MOSTLY FORGOTTEN TODAY, James Russell Lowell lived and breathed New England. Much as Mark Twain became the voice and accent of the midwest – the frontier at the time, Lowell became the archetype of the Yankee dialect. And in the process, helped define the mindset of the region.
Born and living mainly his whole life in Cambridge, Massachusetts, he was one of the most influential figures in American literature, as well as political thought of the era. But like many others whose work doesn’t translate well to the modern era, he’s become increasingly forgotten.
From the beginning he wanted to be a poet, but his practical nature drove him to take up the law as a profession. But the artistic streak was too strong, and he abandoned his practice to live as a writer, a helluva gamble at the time.
His career mainly floundered, his poetry considered unremarkable even by his own admission, until he struck gold with the publication of The Biglow Papers, where he took on a Yankee persona and wrote under a pseudonym. In doing this he dispensed of pretense and expressed himself fully. And ironically finally found his success.
Today if you encounter Lowell at all, it’s likely through this poem, one of the best to put into words the mystery and magic of this enchanted time of night.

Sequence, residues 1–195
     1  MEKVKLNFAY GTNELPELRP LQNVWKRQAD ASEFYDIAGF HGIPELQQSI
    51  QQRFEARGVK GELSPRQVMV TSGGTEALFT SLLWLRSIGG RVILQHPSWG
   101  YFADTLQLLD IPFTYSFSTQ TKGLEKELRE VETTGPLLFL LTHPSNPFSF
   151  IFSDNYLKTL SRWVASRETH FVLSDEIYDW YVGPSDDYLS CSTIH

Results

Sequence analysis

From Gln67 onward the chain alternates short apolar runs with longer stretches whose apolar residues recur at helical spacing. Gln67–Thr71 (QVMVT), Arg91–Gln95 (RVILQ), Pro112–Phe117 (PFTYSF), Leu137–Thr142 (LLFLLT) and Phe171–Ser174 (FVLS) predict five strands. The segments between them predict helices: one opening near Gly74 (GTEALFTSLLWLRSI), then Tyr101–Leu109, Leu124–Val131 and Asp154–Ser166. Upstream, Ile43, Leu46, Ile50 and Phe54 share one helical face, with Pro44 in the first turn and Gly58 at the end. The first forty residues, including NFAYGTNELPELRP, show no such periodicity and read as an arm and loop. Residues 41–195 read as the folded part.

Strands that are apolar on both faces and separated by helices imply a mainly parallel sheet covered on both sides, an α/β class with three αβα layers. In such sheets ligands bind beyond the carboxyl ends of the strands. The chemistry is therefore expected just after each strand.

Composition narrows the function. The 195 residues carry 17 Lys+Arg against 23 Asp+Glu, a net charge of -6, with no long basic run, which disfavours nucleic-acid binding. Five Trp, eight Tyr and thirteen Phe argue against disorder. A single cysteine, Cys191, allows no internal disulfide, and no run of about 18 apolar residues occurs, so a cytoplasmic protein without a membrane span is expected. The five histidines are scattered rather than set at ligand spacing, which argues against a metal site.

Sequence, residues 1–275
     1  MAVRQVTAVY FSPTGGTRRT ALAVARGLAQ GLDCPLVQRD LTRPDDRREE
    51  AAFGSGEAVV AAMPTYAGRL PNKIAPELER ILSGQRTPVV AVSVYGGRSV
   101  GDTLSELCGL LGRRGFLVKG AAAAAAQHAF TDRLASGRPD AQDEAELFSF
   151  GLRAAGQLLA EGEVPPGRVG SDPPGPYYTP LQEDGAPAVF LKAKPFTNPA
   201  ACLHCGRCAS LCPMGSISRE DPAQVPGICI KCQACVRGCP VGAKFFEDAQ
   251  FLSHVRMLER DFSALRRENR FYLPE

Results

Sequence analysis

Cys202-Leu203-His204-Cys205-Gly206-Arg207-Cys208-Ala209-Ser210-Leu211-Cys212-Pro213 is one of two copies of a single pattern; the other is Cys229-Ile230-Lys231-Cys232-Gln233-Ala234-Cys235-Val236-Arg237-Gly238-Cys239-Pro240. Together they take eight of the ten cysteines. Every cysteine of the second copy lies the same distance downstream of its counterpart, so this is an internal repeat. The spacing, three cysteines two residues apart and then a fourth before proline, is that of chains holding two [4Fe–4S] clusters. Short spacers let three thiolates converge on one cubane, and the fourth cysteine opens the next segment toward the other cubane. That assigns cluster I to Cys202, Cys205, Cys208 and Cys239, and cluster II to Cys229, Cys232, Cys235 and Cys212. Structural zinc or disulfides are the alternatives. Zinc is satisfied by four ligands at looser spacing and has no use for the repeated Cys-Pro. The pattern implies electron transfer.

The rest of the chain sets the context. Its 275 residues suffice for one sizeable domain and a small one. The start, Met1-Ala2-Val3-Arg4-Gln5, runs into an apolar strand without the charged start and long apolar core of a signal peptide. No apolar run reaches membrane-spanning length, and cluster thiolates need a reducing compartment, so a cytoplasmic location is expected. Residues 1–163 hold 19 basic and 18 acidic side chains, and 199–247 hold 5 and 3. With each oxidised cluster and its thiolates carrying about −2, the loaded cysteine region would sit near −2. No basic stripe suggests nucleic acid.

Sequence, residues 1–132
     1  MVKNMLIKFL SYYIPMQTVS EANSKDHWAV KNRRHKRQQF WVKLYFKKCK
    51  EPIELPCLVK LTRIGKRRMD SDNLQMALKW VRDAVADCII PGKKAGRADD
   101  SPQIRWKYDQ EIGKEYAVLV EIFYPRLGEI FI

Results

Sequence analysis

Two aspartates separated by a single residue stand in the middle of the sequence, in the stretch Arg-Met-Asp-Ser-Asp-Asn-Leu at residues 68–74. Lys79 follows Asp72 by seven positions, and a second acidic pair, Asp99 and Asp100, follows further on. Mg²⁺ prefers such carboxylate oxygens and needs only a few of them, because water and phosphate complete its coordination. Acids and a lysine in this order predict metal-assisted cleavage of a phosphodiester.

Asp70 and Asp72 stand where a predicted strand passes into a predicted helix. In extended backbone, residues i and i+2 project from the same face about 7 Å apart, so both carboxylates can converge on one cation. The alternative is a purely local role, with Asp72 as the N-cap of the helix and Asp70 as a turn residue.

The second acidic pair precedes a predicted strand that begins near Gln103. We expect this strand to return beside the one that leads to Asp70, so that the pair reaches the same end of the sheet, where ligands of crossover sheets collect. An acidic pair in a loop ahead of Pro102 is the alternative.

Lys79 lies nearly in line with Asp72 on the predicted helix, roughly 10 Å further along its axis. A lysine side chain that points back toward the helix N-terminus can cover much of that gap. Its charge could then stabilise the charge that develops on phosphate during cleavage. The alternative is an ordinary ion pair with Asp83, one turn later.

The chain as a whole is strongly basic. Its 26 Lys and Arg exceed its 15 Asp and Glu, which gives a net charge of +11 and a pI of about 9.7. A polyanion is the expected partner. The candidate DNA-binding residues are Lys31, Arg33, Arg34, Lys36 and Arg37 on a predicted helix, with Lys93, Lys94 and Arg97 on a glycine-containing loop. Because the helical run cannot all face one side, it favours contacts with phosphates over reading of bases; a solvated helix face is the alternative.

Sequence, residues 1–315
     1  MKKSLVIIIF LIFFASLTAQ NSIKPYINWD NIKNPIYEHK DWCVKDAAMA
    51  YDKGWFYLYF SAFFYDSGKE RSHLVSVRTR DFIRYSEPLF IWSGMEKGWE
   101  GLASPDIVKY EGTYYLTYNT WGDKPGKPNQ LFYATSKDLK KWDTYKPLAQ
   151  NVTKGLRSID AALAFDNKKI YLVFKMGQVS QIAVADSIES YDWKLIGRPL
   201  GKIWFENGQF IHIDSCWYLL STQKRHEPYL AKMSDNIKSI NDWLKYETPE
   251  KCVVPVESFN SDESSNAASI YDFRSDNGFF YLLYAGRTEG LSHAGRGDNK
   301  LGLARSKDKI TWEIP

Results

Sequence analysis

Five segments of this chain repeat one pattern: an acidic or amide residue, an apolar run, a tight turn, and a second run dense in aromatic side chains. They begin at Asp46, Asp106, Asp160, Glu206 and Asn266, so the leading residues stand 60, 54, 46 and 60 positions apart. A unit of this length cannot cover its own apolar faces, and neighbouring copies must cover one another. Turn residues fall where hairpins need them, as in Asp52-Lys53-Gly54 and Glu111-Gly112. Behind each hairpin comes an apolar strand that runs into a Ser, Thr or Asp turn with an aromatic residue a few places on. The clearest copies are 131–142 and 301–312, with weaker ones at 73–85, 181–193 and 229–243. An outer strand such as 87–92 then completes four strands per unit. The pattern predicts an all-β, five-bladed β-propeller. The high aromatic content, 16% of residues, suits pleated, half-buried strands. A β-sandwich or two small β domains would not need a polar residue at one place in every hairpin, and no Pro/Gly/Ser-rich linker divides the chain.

by James Russell Lowell (1819-1891)
The moon shines white and silent
On the mist, which, like a tide
Of some enchanted ocean,
O’er the wide marsh doth glide,
Spreading its ghost-like billows
Silently far and wide.
A vague and starry magic
Makes all things mysteries,
And lures the earth’s dumb spirit
Up to the longing skies:
I seem to hear dim whispers,
And tremulous replies.
The fireflies o’er the meadow
In pulses come and go;
The elm-trees’ heavy shadow
Weighs on the grass below;
And faintly from the distance
The dreaming cock doth crow.
All things look strange and mystic,
The very bushes swell
And take wild shapes and motions,
As if beneath a spell;
They seem not the same lilacs
From childhood known so well.
The snow of deepest silence
O’er everything doth fall,
So beautiful and quiet,
And yet so like a pall;
As if all life were ended,
And rest were come to all.
O wild and wondrous midnight,
There is a might in thee
To make the charmed body
Almost like spirit be,
And give it some faint glimpses